Here we find a scene similar to what we saw in chapter 20 with Mary. These disciples, having seen the risen Lord twice, did not recognize him on shore. Let us not read anything mystical into the text. It could have been dark, or at least dusk. Perhaps there was some mist on the water. The text says they saw someone on the shore but could not tell who it was.
John would never forget the suggestion by this stranger to throw your net on the right side of the boat. How many times that night they had dropped the net on the right side of the boat, then the left, then the right, then the left again – all to no avail. With nothing to lose, they dropped the net and hauled in what some interpreters have suggested would have been over three hundred pounds of fish. Presumably that figure represents what first-century fishing nets might hold.
Was this another miracle?
Jesus did not say, “Why not try your luck one more time on the right side of the boat?”
He knew exactly what would be there, and he exercised divine omniscience for his friends.
Therefore the disciple, the one Jesus loved, said to Peter, “It is the Lord!”
When Simon Peter heard that it was the Lord, he tied his outer garment around him (for he was stripped) and plunged into the sea. But since they were not far from land (about 100 yards away), the other disciples came in the boat, dragging the net full of fish. When they got out on land, they saw a charcoal fire there, with fish lying on it, and bread.
John 21:7-9 (HCSB)
Notice that the disciples put the net down without knowing who had suggested the right side. As soon as they saw the results, they responded in character – John with a word to Peter and Peter jumping into the water. The Greek word for outer garment is used only here in the New Testament. We should not presume that Peter was naked before this moment, though some have surmised that.
Morris suggests, “The probability here is that the word means that parts of the body normally covered were exposed so that Peter was not naked but rather ‘stripped for work’ (RSV, cited in Barclay). This may mean that he wore a loin cloth, or perhaps a sleeveless tunic which would not impede his movements”.
The act of putting on this cloak seems precisely the reverse of what we might do before jumping into the water from a boat. But the cultural significance of the outer garment seems important here for the Jews. Greeting in general was a religious act, which required that a person be clothed. The greeting of the resurrected Son of God surely compelled Peter to follow the best protocol he could muster in an awkward situation.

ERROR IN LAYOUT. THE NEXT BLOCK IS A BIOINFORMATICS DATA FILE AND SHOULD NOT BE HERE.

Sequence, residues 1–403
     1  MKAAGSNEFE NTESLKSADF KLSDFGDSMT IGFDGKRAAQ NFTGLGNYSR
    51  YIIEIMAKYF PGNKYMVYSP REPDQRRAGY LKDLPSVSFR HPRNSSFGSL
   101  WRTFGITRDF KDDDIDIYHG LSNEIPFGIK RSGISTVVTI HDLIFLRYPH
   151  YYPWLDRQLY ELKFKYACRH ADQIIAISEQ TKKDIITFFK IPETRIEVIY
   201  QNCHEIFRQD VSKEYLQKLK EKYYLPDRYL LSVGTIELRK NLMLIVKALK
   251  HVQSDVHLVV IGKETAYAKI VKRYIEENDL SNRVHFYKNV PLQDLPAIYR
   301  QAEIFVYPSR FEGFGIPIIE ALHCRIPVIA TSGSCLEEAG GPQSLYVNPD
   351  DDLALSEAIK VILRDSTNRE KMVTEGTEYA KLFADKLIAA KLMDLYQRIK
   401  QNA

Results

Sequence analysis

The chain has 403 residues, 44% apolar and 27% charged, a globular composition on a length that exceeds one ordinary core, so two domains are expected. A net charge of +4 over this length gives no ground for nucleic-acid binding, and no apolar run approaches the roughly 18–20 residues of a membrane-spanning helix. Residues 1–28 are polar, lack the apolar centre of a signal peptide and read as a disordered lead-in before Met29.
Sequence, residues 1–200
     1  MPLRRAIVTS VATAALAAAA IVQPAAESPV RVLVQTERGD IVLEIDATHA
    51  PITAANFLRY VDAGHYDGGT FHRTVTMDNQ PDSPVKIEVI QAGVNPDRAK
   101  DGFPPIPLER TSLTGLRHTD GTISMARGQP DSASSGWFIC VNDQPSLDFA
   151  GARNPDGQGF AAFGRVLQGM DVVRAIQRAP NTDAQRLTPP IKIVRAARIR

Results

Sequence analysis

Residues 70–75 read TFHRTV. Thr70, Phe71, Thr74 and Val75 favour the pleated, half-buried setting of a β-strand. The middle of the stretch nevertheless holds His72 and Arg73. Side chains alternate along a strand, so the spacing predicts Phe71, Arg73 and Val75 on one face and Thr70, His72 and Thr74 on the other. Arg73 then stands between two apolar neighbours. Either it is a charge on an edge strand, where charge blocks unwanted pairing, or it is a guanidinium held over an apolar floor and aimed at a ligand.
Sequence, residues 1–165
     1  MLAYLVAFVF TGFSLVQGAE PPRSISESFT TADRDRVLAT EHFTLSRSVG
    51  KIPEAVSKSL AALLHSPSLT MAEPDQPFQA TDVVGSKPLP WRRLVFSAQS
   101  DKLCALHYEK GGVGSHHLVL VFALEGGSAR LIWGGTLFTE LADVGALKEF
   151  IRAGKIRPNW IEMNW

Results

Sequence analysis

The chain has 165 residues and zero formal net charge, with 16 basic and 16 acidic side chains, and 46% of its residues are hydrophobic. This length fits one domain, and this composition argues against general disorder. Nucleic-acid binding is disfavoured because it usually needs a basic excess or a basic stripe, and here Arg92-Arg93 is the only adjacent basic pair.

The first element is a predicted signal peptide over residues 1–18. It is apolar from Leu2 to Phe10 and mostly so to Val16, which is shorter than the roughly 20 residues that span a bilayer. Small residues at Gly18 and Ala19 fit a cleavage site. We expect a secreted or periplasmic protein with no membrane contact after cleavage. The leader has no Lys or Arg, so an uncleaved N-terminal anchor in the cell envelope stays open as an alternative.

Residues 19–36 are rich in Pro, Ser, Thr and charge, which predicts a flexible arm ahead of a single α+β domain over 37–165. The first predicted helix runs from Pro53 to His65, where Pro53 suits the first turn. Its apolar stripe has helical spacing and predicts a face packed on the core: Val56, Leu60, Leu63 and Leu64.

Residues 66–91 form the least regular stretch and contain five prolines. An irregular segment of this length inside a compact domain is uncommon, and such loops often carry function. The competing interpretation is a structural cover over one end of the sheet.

Jesus said to them, “Bring some of the fish which you have just caught.” So Simon Peter went aboard and hauled the net to land, full of large fish, a hundred and fifty-three [of them]; and although there were so many, the net was not torn.
Jesus said to them “Come and have breakfast.” None of the disciples dared to ask Him, “Who are You?” They knew [without any doubt] that it was the Lord. Jesus came and took the bread and gave it to them, and likewise the fish. This was now the third time that Jesus appeared to the disciples, after He had risen from the dead.
John 21:10-14 (AMP)
The eight friends enjoyed breakfast together that day. The menu required some of the freshly caught fish in addition to what Jesus had already prepared. John, a professional fisherman, seemed amazed that they could pull in 153 large fish without the net breaking (another distinction from Luke 5). What a wonderful morning that must have been. These disciples (Thomas among them) experienced a new level of rest and comfort with the Lord’s resurrection and presence.
The author designated this as the third time that Jesus was manifested. In accord with the Jewish law that two or three witnesses establish the truth, John presented three accounts of Jesus’ resurrection appearance. But later many different appearances took place (1 Cor. 15:5-8).
Barnes’ Notes on the New Testament
Holman New Testament Commentary
The Moody Bible Commentary